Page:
A new friend has graciously agreed to share his Success Story story with ADHD Roller Coaster readers:
The Rugged Reality of ADD, by Dylan Rosen
Do not read this if you are looking for a “Happy ADD Story.” I do not have the gold medals of Michael Phelps or the arm of Terry Bradshaw. My life has been a struggle from the time I walked into first grade to my current age of 30. If you want something real and authentic to someone’s experience with ADD, however, I hope you will read on.
My silent struggle
When I was in elementary school, my ADD symptoms were as classic as the Rolling Stones were to Rock ‘n Roll. However, I did very well. Teachers always said I was bright.
As I moved from middle school to high school, a couple things changed. My grades went from A’s and B’s to C’s and D’s. My relationships changed too. I grew apart from old friends and was not able to make new ones. I viewed myself as a loner, a recluse. My confidence was slipping, and I had begun to experience the awful taste of depression.
The pressure from my school’s academic standards became unbearable. I did not do well under that pressure, coupled with the negativity I always received at home. My parents expected high academic performance from me. After bringing home a poor interim report one semester, I was threatened to be sent to technical school, which frightened me. Going to trade school, growing up where I lived, was a sign of absolute failure.
I do not understand why my parents did not see me trying. I would try to complete my assignments but would get bored and find something else more stimulating like a video game. I would try to read, but this made me fall asleep.
Other issues began to seep into my academic life. I did not know how to manage my time. I could not sustain attention or plan out future activities. Projects in the future became a terrible task. I could not figure out ways to accomplish them. These abilities are crucial when you are grappling with learning about DNA or Julius Caesar.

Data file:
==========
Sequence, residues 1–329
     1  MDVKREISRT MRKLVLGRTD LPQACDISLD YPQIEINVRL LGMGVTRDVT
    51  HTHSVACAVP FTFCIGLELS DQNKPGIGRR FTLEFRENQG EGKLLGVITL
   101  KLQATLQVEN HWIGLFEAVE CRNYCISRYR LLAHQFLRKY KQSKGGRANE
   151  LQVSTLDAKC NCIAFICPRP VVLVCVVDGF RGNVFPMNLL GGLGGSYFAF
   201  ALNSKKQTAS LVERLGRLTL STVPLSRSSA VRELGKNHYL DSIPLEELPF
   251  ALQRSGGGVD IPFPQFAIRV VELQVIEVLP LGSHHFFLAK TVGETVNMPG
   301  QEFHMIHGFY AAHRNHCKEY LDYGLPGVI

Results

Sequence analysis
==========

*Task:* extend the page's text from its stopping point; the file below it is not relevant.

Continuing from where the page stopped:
I felt worthless and alone at the age of 15. I would cry a lot, because I was not good enough. My mom was verbally abusive and would even punch me with an closed fist. I moved out of her home in to my dad’s apartment just after I turned 16. This brought positive change to my life.
It did not change my grades.
My dad treated me the same way my mom and stepdad did, regarding my grades. C’s were not good enough, even if I tried my best. I always had this sense I was not trying hard enough. My dad failed to see that I was trying. I would work on chemistry and get that sense of tiredness in my eyes and stop.
I felt shame and also felt like I was a disappointment. I also had that feeling of being alone, a lifelong theme.
The years of negative attention and constantly being told what I did not do right took its toll on me. I felt like I could not be myself, and the world had made its statement: You got all A’s but you still got a C in math.
I limped into community college.
The same themes present in high school continued in college. I took a semester or two off and had multiple classes where I received “F”s. I felt really down on myself for not completing my education as the people I grew up with did.